Mr. Harrell's attorney asked the district court to continue the trial for a few days so he could have time over the weekend to speak with his client and his client's family. After hearing from the government, the district court rejected Mr. Harrell's request for more time and instead decided to begin the joint trial: “We have really gone a long way to try to work something out for these two young people. We have done it in the interest of arriving at pure justice. We have done our best. So we will summon the jury and commence trial.”
Mr. Harrell's attorney, Mr. Dantzle's attorney, and the prosecutor then participated in the jury selection process. Upon the seating of a jury, the district court recessed for lunch. Immediately upon returning from the lunch recess, Mr. Harrell's attorney advised the district court that Mr. Harrell wanted to accept a plea if the district court and government were still willing to give him a sentence of 25 years. The prosecutor agreed. The district court stated that it would take up the change of plea and sentencing at the end of the day and in the meantime would proceed with the trial, specifically advising Mr. Harrell that he would need to sit through the afternoon session of the trial but would not be waiving any rights by not participating in opening statements or cross-examination.
At the end of the day, after the government completed its case against Mr. Dantzle, and Mr. Dantzle advised the district court that he would not be testifying, the district court accepted Mr. Harrell's guilty plea and sentenced him to the agreed upon 25 years of imprisonment. The next day, following closing arguments, the jury returned a guilty verdict against Mr. Dantzle.
Rule 11(c)(1) provides that “[a]n attorney for the government and the defendant's attorney, or the defendant when proceeding pro se, may discuss and reach a plea agreement. The court must not participate in these discussions.” We have held that Rule 11(c)(1) creates a “bright line rule” that prohibits “the participation of the judge in plea negotiations under any circumstances ․ [and] admits of no exceptions.” United States v. Johnson, 89 F.3d 778, 783 (11th Cir.1996). This prohibition serves two important purposes:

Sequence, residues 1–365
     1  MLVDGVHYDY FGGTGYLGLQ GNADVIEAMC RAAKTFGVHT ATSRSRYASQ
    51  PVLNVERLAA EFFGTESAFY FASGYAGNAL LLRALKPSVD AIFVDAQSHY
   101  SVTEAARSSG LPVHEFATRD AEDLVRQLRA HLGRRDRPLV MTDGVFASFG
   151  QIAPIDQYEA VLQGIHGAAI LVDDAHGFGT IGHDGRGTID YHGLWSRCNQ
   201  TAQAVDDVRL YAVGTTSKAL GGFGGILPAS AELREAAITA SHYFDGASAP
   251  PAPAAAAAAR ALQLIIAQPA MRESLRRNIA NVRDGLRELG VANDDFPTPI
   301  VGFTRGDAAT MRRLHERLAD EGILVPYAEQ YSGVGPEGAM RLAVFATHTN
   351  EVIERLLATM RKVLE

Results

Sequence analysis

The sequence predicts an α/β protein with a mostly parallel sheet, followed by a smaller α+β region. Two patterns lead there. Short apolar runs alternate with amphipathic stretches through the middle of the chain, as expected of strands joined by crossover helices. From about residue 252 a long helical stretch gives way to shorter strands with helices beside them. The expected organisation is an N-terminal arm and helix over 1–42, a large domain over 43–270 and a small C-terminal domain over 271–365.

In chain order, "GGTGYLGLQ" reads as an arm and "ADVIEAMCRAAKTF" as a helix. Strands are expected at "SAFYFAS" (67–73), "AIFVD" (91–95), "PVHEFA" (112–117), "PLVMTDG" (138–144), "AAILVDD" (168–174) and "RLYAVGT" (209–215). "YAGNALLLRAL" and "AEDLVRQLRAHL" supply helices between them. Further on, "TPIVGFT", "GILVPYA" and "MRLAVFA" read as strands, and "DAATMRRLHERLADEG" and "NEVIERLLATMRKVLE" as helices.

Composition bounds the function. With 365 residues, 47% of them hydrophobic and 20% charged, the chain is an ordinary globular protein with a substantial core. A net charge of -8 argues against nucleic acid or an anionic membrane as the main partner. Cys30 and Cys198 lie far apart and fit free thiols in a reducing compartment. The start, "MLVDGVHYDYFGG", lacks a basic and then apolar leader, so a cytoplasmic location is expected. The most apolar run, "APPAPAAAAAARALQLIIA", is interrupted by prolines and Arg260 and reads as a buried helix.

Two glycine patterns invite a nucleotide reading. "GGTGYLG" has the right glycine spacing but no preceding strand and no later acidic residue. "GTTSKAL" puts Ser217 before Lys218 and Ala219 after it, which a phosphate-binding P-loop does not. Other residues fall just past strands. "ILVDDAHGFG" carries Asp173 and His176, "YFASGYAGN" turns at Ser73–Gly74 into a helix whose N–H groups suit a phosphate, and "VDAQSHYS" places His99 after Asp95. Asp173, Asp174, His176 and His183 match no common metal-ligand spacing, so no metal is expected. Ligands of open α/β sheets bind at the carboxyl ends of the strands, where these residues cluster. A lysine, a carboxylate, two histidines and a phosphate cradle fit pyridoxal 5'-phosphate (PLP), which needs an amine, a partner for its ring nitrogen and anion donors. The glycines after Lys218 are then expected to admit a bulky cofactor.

First, because a trial judge's actual impartiality may be impaired as a result of having participated in plea discussions, the rule serves to safeguard the trial judge's actual neutrality. Second, because participation may give the impression that the trial judge is no longer a neutral arbiter, the rule also serves to protect the appearance of impartiality.
United States v. Tobin, 676 F.3d 1264, 1304 (11th Cir.2012) (internal citations omitted). A review of the entire record leads us to conclude that the district court improperly participated in Mr. Harrell's plea negotiations with the government.
First, the district court instigated—without any mention of possible plea agreements from the parties—the plea-related discussions with counsel for both Mr. Harrell and Mr. Dantzle and the government. This was a violation of Rule 11(c)(1), for “[t]he district court's role under Rule 11 is to evaluate a plea agreement once it has been reached by the parties and disclosed in open court.” United States v. Diaz, 138 F.3d 1359, 1363 (11th Cir.1998). This limited role exists because “statements and suggestions by the judge are not just one more source of information to plea negotiators; they are indications of what the judge will accept, and one can only assume that they will quickly become the focal point of further discussions.” Id. (internal quotation marks omitted). Here, once the district court opened the door to plea-related discussions, it impermissibly engaged in constructing or shaping a plea for Mr. Harrell and commented upon terms that it would accept.